Friday, 22 July 2016

June 2016 Mayow Park tree walk part 2

A month ago I started writing  about the Friends of Mayow Park family-friendly tree walk, which took place on 5th June and which included measuring tree height, tree girth and bark rubbings of a few trees.
I'll now try to complete that post
We moved on from the row of silver birch trees, past the former bowls green. Immediately on the right is a good example of an ancient oak that has been pollarded. Trees with a number of trunks above head height are called pollards.  Pollarding involves cutting branches off to encourage growth of new trunks above head height and was a common form of woodland management. The cuts, and therefore new shoot growth, were above the reach of grazing livestock belonging to commoners. This particular pollard had four trunks at about 10 feet high but one had to be removed around 5 or 6 years ago for safety. Seen below is the same tree from different sides. It has three trunks although you can only see two in the photos.

Pollarded ancient oak between bowls green and tennis courts
Mike, with help from some children, measured the girth of this pollard at 5.2 metres, which we estimated as around 300 years old.

hornbeam seed pods

Bark rubbing of hornbeam
Our next stop was the hornbeam. Although hornbeams are indicator trees for ancient woodland, this is a young tree that would have been intentionally planted.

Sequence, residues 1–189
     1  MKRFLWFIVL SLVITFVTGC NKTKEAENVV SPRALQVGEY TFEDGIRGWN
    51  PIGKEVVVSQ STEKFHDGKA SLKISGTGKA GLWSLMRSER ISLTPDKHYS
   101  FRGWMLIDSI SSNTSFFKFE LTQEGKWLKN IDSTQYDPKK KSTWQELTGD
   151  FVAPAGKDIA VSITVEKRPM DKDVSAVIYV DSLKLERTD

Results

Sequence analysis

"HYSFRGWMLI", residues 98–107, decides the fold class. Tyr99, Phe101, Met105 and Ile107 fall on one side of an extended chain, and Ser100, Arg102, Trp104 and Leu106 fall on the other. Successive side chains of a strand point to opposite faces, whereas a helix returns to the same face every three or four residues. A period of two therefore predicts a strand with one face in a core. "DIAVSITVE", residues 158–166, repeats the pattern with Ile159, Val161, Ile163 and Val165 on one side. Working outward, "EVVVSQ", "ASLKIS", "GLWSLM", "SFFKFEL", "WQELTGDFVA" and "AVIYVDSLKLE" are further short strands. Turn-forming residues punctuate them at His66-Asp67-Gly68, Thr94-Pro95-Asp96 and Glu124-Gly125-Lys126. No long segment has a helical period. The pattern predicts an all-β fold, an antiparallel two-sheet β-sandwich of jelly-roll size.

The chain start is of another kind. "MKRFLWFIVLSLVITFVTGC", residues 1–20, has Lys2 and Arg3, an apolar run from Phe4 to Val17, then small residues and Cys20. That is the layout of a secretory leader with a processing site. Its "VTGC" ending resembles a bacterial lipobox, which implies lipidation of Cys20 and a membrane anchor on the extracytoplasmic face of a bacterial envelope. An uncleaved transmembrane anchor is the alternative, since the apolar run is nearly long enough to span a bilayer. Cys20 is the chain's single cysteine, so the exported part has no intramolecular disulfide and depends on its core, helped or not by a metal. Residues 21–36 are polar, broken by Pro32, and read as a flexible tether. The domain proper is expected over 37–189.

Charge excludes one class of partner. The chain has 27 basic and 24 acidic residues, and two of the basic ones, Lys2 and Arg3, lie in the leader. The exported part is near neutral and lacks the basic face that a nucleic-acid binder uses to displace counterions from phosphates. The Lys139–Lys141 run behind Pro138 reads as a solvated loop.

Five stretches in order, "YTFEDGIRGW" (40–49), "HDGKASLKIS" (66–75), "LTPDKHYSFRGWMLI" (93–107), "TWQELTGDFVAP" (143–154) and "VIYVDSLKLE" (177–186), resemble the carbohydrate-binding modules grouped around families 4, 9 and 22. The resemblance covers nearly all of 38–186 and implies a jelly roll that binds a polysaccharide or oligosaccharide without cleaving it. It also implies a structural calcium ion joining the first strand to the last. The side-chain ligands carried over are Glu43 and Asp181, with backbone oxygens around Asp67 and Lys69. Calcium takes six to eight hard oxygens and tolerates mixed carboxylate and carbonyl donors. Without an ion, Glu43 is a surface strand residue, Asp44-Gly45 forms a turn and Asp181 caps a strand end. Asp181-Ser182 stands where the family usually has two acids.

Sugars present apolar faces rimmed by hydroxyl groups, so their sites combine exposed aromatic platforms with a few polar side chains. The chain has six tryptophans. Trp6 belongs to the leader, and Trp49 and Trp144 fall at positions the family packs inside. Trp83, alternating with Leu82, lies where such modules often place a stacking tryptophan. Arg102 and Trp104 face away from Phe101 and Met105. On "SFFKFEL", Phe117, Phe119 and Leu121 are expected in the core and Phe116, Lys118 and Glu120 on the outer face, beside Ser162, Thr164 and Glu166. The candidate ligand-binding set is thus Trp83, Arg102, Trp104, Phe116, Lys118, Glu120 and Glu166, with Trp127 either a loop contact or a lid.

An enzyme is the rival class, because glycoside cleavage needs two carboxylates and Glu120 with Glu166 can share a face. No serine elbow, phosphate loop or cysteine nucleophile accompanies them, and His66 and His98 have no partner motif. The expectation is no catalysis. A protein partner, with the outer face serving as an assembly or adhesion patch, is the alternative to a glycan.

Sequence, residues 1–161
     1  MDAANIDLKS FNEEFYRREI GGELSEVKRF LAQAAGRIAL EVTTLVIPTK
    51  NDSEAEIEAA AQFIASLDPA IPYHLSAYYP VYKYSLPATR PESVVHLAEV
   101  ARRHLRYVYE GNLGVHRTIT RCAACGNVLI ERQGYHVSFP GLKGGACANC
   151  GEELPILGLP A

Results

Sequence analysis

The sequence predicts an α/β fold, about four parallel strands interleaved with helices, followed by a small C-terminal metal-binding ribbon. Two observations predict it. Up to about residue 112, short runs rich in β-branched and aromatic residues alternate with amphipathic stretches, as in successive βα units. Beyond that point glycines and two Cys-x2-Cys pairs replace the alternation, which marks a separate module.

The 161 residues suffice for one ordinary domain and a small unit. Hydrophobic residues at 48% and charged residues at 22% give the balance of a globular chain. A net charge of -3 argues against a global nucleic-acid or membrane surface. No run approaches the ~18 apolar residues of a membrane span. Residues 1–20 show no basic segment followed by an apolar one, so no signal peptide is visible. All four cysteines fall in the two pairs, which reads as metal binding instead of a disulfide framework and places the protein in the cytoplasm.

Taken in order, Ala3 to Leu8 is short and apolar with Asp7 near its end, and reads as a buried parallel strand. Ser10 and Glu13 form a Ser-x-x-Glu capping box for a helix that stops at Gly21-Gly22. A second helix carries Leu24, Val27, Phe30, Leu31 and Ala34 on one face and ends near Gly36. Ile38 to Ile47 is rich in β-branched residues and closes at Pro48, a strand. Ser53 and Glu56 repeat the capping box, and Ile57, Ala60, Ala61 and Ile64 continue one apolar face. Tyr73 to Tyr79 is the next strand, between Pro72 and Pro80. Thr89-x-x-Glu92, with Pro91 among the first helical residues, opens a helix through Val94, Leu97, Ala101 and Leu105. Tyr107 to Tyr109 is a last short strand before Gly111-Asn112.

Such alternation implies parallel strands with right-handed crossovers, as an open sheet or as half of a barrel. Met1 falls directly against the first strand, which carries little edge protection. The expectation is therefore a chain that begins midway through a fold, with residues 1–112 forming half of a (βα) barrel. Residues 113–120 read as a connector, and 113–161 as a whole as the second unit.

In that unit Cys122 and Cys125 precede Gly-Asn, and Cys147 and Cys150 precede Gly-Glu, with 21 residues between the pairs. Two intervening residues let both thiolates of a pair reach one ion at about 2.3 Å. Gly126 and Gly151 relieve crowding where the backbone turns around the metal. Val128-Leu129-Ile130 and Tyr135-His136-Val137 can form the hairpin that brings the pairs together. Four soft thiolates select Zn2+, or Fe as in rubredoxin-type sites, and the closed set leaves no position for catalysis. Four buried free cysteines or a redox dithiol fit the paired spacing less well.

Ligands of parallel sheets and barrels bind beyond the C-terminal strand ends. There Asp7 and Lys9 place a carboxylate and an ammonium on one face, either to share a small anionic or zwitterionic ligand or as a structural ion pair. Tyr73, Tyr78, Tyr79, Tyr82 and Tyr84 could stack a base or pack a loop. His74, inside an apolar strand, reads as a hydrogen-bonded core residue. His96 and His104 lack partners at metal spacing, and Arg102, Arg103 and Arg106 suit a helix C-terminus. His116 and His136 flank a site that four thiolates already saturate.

hornbeam leaves

 Hornbeam leaves and seed pods are quite distinctive.
the beautiful hornbeam opposite the orchard

 Before moving on we looked briefly at the orchard, opposite the tennis courts. The orchard now contains 18 fruit trees, all heritage varieties, which were planted in 2012 and 2016 with the support of the Urban Orchard Project.
Mayow Park Community Orchard
Our next stop was the number 1 favourite tree in the park for many children . . . the climbing tree. Quercus Ilex or holm oak is easy to spot, not far from the Recreation Road gates. It is an evergreen oak that sheds its leaves throughout the year and casts such a shadow around it that no plants grow underneath. I recently met an adult in his forties who, as a child, loved climbing that tree. So it has really stood the test of time.

the best climbing tree in the whole park
Heading back across the park we briefly stopped by a row of oaks that clearly look like they were intentionally planted as boundary oaks, to mark field or property boundaries.
Boundary oaks in Mayow Park early spring 2016
We headed across the oval field to the tree we think must be the oldest oak in the park. It stands near the fountain and is another pollard. Its girth was 5.4 metres,  measured at a height of 1.3 metres from the ground. Could this tree really be around 340 years old? I'd welcome measurements of other oaks and age calculations from other people.
within sight of Victorian fountain
girth 5.4 metres
Could this be the oldest tree in the park?

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